Tangled Bank #109: LOL Evolution!

p>Welcome to the One Hundred and Ninth Edition of The Tangled Bank, the Weblog Carnival of Evolutionary Biology. This is the LOL edition of the Tangled Bank....


Darwin award


Carnival business ...

The main page for The Tangled Bank is here. The previous edition of The Tangled Bank was here, at Wheatdogg, and the next edition of the Tangled Bank will be here, at Blue Collar Scientist.

And now, on with the show. ...

Glow in the dark cats

In Small Things Considered...

Rational redesign of bacterial signaling proteins based on amino acid co-evolution at Chance and Necessity is a bit of Peer Reviewed Research Blogging, covering an article by Skerker et al on "rewiring the specificity of two-component signal transduction systems." It all begins and ends with cells:

...cells must have the ability to respond to their environment in an appropriate fashion. Responding to physical and chemical aspects of the environment is crucial, but so is responding to neighboring cells that also inhabit that environment. In multicellular animals a surprisingly small set of molecules coordinate the complex communication between cells...


To your health! ....

Eating can be bad for your health. Oh, and don't forget the phages. by PalMD at denialism blog looks at bacteria, viruses, phages, transduction, and and diseases of the gut. Its pretty complicated.

Most lay-people haven't heard of phages, and most physicians probably don't think about them very often, but phages represent an enormously important part of biology and medicine. They cause disease, they can be a vehicle for certain therapies, and ultimately, they represent a large part of the biosphere's genetic information.

A piece by Pamela Ronald printed in The Boston Globe: The new organic: The future of food may depend on an unlikely marriage: organic farmers and genetic engineering.

The world faces an enormous challenge: Its growing population demands more food and other crops, but standard commercial agriculture uses industrial quantities of pesticides and harms the environment in other ways. The organic farming movement has shown that it is possible to dramatically reduce the use of insecticides, and that doing so benefits both farm workers and the environment. But organic farming also has serious limits - there are many pests and diseases that cannot be controlled using organic approaches, and organic crops are generally more expensive to produce and buy.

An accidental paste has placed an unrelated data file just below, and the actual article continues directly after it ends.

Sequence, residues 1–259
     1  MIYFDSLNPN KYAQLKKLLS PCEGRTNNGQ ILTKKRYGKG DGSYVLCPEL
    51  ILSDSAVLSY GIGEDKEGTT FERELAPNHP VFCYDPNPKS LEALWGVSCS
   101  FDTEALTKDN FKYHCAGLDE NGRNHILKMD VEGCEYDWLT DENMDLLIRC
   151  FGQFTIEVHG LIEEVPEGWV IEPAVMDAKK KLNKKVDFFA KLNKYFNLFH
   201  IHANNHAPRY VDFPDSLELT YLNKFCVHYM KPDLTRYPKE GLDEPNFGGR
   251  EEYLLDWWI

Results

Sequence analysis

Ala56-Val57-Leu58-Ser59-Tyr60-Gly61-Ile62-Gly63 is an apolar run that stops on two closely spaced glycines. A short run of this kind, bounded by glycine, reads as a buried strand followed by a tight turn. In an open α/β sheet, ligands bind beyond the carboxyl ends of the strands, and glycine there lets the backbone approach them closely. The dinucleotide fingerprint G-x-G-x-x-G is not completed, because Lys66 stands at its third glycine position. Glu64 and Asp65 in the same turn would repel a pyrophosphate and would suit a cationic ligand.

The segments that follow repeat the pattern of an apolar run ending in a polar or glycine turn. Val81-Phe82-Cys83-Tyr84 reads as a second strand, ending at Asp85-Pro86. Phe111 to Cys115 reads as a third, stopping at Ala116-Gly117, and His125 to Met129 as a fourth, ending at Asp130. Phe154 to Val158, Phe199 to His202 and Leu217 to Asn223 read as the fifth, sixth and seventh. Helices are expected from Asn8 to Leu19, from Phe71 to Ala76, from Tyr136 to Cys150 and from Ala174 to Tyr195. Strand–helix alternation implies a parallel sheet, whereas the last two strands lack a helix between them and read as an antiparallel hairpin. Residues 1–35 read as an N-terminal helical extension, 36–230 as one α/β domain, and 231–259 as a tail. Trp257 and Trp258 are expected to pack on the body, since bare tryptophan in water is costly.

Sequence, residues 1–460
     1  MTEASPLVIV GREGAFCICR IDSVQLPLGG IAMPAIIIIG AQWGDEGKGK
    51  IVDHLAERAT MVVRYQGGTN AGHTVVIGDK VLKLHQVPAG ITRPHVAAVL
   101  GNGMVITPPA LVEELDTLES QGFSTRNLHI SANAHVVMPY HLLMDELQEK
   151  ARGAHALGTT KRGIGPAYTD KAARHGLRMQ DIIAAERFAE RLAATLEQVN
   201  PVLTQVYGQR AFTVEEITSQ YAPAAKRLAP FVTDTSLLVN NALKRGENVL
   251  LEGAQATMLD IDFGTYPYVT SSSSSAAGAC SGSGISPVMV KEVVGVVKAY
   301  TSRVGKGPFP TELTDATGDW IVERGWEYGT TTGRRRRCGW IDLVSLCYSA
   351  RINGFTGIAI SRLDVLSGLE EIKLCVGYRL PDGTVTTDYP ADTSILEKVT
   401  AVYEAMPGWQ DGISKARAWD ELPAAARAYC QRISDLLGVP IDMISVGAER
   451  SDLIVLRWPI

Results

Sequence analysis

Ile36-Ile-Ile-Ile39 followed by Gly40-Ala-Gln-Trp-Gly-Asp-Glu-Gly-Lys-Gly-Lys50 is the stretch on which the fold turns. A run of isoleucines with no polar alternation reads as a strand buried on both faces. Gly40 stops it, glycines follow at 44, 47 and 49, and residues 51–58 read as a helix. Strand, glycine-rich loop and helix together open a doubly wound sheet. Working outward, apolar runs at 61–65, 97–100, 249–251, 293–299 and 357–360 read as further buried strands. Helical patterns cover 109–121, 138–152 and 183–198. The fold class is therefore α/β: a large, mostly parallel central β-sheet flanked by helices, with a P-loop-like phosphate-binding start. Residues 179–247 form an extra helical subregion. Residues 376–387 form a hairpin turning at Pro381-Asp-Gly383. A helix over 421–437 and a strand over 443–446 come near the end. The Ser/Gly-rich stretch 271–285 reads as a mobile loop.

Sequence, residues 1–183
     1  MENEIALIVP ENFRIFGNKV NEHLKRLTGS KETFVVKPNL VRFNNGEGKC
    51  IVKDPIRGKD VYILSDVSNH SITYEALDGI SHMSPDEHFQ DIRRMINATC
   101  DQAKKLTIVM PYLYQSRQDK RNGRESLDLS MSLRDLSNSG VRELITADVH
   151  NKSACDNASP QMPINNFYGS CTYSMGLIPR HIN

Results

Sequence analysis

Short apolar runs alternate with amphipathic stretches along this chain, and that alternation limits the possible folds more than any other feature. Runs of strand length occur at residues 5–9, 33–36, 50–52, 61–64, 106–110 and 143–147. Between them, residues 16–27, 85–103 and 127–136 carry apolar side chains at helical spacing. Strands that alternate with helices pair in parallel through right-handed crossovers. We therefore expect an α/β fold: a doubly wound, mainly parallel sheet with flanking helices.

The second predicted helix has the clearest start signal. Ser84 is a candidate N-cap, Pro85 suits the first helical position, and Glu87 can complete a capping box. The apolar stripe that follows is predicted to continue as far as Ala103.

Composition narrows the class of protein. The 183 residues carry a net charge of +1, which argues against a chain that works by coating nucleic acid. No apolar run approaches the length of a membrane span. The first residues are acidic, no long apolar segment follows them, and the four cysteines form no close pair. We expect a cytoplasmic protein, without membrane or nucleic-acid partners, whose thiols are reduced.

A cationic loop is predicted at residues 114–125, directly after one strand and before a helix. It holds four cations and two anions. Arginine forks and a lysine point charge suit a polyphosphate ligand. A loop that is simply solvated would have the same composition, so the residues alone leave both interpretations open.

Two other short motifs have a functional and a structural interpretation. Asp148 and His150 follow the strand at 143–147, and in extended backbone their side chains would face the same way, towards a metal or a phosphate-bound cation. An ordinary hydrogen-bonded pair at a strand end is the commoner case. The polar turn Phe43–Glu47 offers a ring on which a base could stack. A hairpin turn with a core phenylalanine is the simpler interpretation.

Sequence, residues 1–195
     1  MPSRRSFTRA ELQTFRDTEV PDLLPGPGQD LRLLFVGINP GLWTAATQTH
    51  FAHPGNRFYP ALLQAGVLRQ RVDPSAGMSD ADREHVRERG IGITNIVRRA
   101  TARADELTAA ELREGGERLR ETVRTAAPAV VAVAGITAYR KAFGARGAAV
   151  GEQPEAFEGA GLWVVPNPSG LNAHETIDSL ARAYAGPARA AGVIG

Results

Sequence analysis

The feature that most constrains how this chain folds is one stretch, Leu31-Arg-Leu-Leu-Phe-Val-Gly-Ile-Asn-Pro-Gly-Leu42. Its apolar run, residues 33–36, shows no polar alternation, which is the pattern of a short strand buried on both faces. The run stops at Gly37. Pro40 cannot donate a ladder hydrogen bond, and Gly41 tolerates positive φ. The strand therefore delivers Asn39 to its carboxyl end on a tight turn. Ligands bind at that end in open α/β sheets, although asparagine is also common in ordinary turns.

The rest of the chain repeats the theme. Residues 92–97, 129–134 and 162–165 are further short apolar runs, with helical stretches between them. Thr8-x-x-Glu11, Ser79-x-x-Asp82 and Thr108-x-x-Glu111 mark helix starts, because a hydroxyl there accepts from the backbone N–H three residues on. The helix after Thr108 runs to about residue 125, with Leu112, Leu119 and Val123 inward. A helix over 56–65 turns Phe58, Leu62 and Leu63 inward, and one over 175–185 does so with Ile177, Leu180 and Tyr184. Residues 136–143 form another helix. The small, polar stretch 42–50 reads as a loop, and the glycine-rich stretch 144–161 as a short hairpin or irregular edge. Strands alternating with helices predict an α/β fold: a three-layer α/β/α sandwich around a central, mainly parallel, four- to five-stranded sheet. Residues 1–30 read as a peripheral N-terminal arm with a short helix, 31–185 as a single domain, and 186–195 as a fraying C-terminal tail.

[A brief digression: Speaking of engineering of crops, check out this post by BodBlack Blog on Rice Paddy Art, which is a form of Crop Circle-ery: Crop Circles? Try Rice Paddy Art! You will not believe what can be done with a rice paddy!!!!!]

A DC Birding Blog explores the relationship between Bird Diversity and the West Nile Virus. The more diversity (among birds) the less likely bird to human transition would be, according to the PLoS ONE peer reviewed article covered in this post.

The health of the spotted owl (Strix occidentalis) is threatened by disease carried by the Barred owls ( Strix varia), which, in turn is spreading its range quite dramatically. This is a problem as well in other avian species. Malaria and vector-borne diseases or blood parasites are the culprit. Spotted Owls and Barred Owls: Whoooo Has Malaria? at Guadalupe Storm-Petrel Blog has the blood chilling story, based on the examination of a couple of peer-reviewed research papers.


funny zebra

A little sexual orientation with your hormones?....

The Evolving Mind asks, can you Just Say "No" to Hormones? This is a veritable mini carnival of its own, investigating sexual development, onset of sexual activities, and sexual orientation and behavior in humans.....